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  • Steve Leo

Want to run fast? its all about the start!

1. Force Output/Projection

Factors:

Start position ex: Track block stance, Football stance, Baseball stealing a baseTransition Start

ex: Soccer-breaking on the ball, Lacrosse turnover getting upfield

The optimal body angle is 45 degrees to the ground at the initial start. This relates more to a traditional start position. The stronger the athlete, the lower he/she can get and hold that angle. In the case of a transitional acceleration, the athlete will not have the time to get to a 45-degree angle. They are already moving, so the low angle is less important as compared to the application of force in the proper direction. Horizontal Force output turning into vertical Propulsive forces. This will help with the projecting the hips up and out. Check Alex Morgans Transitional Acceleration.

2. Stride Rate/Rhythm

The Cadence/ Stride Rate will increase now that the athlete has overcome inertia. The Athlete will produce a Piston-like action during this phase. In Pure Acceleration the Horizontal Force output to aid in the Rise (Transition) to Top speed. The Horizontal Forces will transition into more Vertical Forces over time, typically between 15-30 yards.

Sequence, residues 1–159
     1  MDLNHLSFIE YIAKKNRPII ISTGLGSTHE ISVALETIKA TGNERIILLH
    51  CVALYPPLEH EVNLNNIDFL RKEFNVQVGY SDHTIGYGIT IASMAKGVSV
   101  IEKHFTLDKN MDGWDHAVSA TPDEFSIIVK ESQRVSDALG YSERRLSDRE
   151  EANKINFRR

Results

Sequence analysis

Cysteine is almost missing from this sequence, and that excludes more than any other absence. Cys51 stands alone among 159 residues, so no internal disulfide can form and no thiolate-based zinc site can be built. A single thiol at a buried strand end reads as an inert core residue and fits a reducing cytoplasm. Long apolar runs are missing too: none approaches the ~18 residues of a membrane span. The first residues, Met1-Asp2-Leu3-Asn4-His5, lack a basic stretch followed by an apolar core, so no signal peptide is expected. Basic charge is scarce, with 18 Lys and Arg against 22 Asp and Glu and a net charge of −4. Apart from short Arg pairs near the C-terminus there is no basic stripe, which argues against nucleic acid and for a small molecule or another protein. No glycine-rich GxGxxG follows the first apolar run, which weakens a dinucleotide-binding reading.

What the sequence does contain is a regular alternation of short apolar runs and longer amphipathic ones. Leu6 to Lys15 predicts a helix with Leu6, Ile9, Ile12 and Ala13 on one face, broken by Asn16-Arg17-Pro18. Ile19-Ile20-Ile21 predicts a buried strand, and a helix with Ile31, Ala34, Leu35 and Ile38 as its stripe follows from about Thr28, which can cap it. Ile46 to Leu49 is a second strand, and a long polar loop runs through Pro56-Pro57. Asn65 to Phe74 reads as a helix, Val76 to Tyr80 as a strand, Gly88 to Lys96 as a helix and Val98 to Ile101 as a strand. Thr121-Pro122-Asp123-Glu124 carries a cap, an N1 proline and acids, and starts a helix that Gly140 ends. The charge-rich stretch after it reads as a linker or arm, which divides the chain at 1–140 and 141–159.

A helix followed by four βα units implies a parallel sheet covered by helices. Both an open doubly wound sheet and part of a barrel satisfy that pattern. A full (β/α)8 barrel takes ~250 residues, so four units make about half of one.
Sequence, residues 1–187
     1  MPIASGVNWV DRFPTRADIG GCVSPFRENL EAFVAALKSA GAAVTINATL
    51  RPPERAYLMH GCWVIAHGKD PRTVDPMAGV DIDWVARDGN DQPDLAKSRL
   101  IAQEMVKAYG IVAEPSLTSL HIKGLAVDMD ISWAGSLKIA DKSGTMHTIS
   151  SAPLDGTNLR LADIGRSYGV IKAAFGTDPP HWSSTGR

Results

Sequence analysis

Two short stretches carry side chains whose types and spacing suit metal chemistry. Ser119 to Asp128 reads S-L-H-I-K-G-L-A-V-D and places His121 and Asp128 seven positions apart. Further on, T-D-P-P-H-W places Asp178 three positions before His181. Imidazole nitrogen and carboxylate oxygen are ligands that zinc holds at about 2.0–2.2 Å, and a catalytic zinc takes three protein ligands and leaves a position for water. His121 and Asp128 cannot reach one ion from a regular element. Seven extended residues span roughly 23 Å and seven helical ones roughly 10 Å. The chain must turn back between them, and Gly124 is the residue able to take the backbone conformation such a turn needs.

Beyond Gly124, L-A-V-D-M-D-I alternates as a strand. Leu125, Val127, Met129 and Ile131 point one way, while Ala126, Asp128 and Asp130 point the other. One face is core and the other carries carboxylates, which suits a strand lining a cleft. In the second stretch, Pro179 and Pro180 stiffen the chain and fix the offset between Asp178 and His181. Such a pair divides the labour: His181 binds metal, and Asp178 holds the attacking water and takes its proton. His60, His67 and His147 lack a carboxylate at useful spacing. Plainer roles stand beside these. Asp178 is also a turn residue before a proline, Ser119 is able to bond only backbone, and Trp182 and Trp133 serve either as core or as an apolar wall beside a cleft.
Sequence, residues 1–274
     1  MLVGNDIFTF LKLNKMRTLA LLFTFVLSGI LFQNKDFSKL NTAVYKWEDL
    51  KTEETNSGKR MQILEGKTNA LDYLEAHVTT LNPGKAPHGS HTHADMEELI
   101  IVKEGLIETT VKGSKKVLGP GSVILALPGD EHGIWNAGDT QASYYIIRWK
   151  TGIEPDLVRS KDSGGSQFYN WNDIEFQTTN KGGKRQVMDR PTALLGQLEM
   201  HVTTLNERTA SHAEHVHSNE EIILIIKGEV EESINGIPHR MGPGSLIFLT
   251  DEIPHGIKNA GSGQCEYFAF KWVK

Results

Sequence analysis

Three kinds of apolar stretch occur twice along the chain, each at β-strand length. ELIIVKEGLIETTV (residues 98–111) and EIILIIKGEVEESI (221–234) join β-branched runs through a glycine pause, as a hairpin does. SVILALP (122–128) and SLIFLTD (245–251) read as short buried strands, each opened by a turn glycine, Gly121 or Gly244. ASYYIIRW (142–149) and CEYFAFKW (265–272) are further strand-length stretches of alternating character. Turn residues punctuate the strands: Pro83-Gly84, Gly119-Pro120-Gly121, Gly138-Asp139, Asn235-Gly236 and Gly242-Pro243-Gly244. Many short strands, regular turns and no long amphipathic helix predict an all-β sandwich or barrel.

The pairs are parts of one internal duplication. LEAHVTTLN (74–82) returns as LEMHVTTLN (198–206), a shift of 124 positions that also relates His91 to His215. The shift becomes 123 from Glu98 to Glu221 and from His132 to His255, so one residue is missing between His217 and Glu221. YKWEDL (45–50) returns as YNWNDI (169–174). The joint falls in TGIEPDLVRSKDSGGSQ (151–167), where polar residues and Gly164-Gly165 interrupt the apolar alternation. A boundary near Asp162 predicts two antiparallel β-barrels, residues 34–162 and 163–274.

3. Drive Taller/Rise

One of the misconceptions of acceleration mechanics is the idea that the body is at a 45-degree angle throughout the acceleration phase. Strides 1-3 will adhere to the 45-degree angle or even lower (depending on the ability of the athlete) The stride length increase as does the hips rising taller throughout each stride. The transition from horizontal force application to the Vertical force application will increase the rise of the hip, thus the Rise of the hips/ body. The Transition from pure acceleration to Top Speed is vital in maintaining the speed that has been built up in the 1st 10-15meters/yards.

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